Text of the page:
Tolerance can also develop quickly with frequent doses or repeated use of cocaine, which means that users are prone to seeking higher doses to get the same intense feeling and avoid withdrawal symptoms. This habitual drug use can result in strong cravings and cocaine addiction.
What Causes Cocaine Overdose?
Taking a large amount of cocaine or any other drugs can make the body shit down including the heart and the brain. When a person takes more cocaine than his body can handle, one of the adverse effects is cocaine overdose. What is alarming is that the amount of the cocaine that could cause an overdose can vary from person to person. It can also depend on the potency of the drug being used.
Another cause of overdose is repeated drug use over a short period. Since the high delivered by cocaine use is often short-lived, users often take frequent doses to avoid withdrawal symptoms and feel high again. This type of cocaine drug use increases the risk of overdose.
Mixing cocaine with other susbtances like alcohol, heroin, opioids, and other prescription drugs should be avoided. If you mix cocaine with alcohol or heroin - this could cause an overdose.
There are different symptoms that may manifest during a cocaine overdose including the following:
- Extreme agitation
- Chest pain
- Stomach pain
- High temperature
- Nausea/ Vomiting
- Severe Anxiety / Panic
- Paranoid Delusions or auditory hallucinations
- Fast Speech
- Increased heart rate
- Dilated pupils
- High body temperature or irregular body temperature
How Do You Treat Cocaine Overdose?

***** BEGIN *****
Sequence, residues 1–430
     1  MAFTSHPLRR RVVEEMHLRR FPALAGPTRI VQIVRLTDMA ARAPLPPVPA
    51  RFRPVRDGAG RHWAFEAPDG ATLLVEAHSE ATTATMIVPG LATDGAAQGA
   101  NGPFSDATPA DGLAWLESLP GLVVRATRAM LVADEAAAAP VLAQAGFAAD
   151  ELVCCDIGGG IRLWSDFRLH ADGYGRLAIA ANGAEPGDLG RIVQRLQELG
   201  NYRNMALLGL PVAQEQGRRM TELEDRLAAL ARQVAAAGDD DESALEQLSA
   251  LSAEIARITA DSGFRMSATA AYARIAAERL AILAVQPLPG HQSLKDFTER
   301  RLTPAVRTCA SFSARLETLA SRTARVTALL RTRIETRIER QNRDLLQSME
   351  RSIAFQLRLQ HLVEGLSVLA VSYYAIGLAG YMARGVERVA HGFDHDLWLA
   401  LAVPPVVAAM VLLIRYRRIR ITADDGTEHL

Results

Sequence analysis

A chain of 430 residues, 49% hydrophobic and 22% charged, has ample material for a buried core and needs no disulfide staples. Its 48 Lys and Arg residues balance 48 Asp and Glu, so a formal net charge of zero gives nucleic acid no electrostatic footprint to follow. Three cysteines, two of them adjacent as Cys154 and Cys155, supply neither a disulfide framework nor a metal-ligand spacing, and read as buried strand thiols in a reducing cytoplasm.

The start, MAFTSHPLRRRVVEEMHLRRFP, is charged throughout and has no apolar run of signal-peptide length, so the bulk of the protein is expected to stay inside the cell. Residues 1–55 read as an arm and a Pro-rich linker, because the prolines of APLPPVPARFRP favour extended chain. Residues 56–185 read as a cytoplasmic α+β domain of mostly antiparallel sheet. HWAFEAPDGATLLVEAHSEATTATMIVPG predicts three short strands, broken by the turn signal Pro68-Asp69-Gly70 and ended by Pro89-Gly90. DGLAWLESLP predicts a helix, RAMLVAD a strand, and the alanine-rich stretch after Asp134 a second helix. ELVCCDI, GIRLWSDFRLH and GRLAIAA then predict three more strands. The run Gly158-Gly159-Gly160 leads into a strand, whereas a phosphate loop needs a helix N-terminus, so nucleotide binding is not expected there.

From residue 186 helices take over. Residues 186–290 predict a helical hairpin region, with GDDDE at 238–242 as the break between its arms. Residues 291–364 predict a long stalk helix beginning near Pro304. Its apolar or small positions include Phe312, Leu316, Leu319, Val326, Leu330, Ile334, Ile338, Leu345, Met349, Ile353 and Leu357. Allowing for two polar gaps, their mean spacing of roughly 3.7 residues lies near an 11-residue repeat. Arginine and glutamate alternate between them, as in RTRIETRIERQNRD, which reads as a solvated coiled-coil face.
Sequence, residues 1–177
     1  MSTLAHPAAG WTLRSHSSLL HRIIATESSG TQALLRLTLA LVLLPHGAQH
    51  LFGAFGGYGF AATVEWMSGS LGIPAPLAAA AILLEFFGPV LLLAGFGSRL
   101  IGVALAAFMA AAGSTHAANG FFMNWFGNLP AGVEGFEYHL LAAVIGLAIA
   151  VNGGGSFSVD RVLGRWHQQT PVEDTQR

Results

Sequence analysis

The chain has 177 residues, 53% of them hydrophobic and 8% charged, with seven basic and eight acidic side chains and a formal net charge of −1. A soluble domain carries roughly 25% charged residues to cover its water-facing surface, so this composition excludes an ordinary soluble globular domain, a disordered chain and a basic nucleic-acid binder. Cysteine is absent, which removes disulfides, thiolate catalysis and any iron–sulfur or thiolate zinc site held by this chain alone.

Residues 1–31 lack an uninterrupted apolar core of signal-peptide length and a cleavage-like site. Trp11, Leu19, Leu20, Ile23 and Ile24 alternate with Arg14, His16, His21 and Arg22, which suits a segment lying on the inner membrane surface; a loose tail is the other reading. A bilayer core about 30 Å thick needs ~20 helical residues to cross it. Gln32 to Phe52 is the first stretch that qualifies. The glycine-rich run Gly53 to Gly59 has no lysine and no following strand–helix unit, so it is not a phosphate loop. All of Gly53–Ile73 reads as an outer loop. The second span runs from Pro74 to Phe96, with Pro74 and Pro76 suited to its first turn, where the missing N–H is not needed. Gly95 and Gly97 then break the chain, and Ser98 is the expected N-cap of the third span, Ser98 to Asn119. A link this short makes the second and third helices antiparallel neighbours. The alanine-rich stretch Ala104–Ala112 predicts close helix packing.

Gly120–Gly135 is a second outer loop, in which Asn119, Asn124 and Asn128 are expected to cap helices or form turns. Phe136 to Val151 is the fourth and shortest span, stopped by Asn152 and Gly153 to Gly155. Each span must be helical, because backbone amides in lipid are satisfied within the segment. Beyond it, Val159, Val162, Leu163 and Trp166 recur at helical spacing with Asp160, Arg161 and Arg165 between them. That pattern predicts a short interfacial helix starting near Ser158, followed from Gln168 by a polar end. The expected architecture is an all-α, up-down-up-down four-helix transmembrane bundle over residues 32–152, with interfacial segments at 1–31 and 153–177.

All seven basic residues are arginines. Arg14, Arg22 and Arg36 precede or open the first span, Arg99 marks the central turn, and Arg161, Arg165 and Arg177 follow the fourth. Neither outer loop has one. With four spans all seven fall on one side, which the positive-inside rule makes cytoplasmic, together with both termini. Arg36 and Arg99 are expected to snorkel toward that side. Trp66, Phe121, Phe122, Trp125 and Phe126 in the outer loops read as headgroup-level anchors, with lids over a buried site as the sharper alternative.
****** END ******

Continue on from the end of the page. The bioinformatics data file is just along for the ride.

While there is no antidote to reverse cocaine overdose, emergency medical care can treat and stabilize organ functions including the lungs, heart, kidney and the body temperature. The main goal is to reduce the dangerous symptoms caused by the overdose.
For those suffering from high temperature, applying a cold compress to cool down the temperature and prevent overheating while waiting for medical assistance. For those experiencing seizures, remove pointed or sharp objects that could cause harm to the person. Some patients suffering from respiratory failure may also need CPR or respiration.
If you or someone you know is struggling with cocaine use and you suspect an overdose from these drugs, call emergency medical helpimmediately
What Are the Withdrawal Symptoms From Cocaine Drug Abuse?
Withdrawal symptoms can make it difficult to recover from cocaine addiction. Some symptoms include:
- Strong cravings for the drug
- Chest pain
- Concentration problems
- Decreased ability to feel pleasure
- Increased appetite
- Increased sleep
- Involuntary motor movements
- Muscle and bone pain
- Slowed psychomotor skills
- Suicidal thoughts
How Can You Treat Cocaine Addiction?
Repeated cocaine use and addiction can wreak havoc not only to your physical health but also in your mental state, wellbeing, relationships, career, and more. The good news is that cocaine use and addiction can be treated. There are evidenced-based modalities that can treat cocaine addiction effectively.
A comprehensive rehab program can treat cocaine addiction and also decrease the risk of relapse. This can prevent repeated cocaine use or use of other drugs after the treatment program.